G-Well, that was your idea and it’s no wonder you want to tell everyone about it.

P-Well, as far as that goes, you have some bragging rights too. You negotiated the price and got us a super-deal. And you made the improvements! It sure is fun to tell our friends and family about our new TV set.  They know we’ve just recently replaced our black and white set with a color TV. So, they are astounded when we make the announcement.  Remember when our son-in-law asked if it was a “flat screen” and we responded with “it’s actually convex.” The look on his face.

G-So why don’t we tell the readers the whole story. It was your off-the-cuff comment while exploring an antique mall that prompted our purchase.

P-Oh, I remember walking into the booth and seeing the old Crosley cabinet – it was in great shape except no knobs or “guts” and I said you know what would look great in that 10” opening, a digital picture frame. You just left and went to the counter to have them contact the dealer, hopefully for a better price. I was not even aware that you were doing that, thinking you were not too thrilled with the concept.

G-The dealer accepted the offer and when we got it home, the work began.

P-Getting the right digital frame was the easy part, but I was a bit concerned about the hardware, especially the little light I recalled from TV’s of my youth.

G-I knew I had knobs for a TV or radio cabinet downstairs. I do keep all of that stuff.

P-And you think I never throw anything out, right!

G-Even with all the junk I have, I could not locate a rotary on/off switch with a long enough neck to fit through the wood of this cabinet.

P-Now, come on. What about your box in the electrical section that reads “rotary switches-long necked.”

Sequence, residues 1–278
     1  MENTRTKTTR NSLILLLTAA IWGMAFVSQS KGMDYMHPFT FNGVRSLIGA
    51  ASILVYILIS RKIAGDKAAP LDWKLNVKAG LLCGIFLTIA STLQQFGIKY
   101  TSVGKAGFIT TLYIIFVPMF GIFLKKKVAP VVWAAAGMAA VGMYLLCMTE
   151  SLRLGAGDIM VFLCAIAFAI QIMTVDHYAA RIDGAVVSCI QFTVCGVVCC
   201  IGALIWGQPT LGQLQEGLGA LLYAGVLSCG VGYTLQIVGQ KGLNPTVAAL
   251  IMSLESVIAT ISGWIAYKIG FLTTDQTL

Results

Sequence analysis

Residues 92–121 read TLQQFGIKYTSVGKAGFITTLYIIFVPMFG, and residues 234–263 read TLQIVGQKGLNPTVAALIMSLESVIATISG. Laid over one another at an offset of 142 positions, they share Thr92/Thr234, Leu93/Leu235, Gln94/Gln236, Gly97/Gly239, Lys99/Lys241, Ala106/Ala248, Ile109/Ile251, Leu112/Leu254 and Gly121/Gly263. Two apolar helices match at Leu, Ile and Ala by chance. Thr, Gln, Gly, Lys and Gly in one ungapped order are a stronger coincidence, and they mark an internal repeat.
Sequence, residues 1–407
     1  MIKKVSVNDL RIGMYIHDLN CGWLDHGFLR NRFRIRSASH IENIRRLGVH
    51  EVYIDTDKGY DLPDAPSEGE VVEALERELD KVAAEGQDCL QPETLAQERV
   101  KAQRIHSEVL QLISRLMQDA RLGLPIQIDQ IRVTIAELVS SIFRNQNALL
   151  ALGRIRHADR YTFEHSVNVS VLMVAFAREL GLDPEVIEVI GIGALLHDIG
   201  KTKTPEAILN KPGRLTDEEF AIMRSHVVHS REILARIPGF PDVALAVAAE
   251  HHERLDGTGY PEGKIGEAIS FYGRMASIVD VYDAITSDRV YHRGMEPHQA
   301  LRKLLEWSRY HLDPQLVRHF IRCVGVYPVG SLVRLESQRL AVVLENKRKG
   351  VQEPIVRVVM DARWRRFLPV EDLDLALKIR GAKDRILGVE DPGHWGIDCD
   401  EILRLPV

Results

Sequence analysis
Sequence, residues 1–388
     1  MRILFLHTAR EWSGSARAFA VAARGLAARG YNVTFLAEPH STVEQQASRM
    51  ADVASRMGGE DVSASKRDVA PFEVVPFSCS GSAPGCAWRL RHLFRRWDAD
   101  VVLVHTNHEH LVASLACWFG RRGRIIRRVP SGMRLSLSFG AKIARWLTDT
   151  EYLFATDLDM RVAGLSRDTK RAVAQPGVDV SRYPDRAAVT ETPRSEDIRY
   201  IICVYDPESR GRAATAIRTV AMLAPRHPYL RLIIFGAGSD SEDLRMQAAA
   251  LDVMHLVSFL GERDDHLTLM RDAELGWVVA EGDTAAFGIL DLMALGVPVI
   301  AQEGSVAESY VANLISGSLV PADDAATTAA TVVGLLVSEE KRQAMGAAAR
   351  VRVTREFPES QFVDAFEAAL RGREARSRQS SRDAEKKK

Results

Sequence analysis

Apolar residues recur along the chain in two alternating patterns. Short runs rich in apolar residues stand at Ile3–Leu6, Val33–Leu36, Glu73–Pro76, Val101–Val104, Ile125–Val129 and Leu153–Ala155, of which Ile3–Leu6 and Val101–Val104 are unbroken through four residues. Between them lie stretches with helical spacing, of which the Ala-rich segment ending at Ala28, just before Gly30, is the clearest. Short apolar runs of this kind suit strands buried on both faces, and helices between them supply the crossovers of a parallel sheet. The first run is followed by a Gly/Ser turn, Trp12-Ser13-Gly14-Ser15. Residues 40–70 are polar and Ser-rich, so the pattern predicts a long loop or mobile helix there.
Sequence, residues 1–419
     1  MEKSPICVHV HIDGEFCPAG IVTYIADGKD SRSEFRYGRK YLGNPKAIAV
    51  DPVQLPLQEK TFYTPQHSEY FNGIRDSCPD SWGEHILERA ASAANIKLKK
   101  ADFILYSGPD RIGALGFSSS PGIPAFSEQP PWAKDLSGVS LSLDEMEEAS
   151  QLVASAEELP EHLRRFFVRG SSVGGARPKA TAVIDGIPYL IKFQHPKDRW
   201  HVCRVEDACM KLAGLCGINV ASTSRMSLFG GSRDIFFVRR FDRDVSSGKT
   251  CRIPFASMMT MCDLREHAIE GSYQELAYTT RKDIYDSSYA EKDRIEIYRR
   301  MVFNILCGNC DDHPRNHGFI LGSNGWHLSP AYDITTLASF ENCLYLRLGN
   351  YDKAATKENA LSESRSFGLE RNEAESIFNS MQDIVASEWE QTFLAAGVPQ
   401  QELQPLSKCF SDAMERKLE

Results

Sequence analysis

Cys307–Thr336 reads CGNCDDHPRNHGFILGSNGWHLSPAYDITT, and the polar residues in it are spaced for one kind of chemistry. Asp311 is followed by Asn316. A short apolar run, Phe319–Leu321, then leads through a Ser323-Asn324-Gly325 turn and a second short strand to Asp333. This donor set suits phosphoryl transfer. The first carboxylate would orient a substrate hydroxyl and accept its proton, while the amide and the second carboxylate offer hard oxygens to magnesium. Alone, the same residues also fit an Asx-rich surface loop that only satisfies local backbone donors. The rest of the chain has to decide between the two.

G-Very funny, that box was empty. Finally, at the third store I found a switch. It was the type of store that has even more useless things than I have.  I also found a lens that fit into the hole for the indicator light.  You should remember that it took such a long time for the tubes to warm up and the indicator light let you know it was turned on.

P-That’s WAAAAY before my time, but I do know that you have a built-in indicator that tells me when you are warmed up.  I do remember mom sending me in to start it up before the Friday Night Fights came on.

G-Was that any time when your rowdy family got together?

P-You are such a hoot!

G-Our last step was downloading pictures of family and friends and then we were set to turn it on.

P-It worked great but something was missing. To make it look authentic, we needed a 1950s TV lamp.

G-And no TV from that time frame would work without an antenna. We city dwellers would use rabbit ears that could be adjusted to pick up BOTH TV stations.

P-Will we also need aluminum foil for the top of the ears? I think you still have a ball of foil from the “war drive.”